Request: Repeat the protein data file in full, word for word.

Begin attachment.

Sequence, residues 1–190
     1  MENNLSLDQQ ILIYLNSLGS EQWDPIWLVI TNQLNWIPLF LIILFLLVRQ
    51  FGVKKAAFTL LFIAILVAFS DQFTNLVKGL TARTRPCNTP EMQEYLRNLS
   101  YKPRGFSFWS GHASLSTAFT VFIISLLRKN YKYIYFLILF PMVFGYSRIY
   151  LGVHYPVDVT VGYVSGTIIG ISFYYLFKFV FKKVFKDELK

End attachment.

Sequence, residues 1–190
     1  MENNLSLDQQ ILIYLNSLGS EQWDPIWLVI TNQLNWIPLF LIILFLLVRQ
    51  FGVKKAAFTL LFIAILVAFS DQFTNLVKGL TARTRPCNTP EMQEYLRNLS
   101  YKPRGFSFWS GHASLSTAFT VFIISLLRKN YKYIYFLILF PMVFGYSRIY
   151  LGVHYPVDVT VGYVSGTIIG ISFYYLFKFV FKKVFKDELK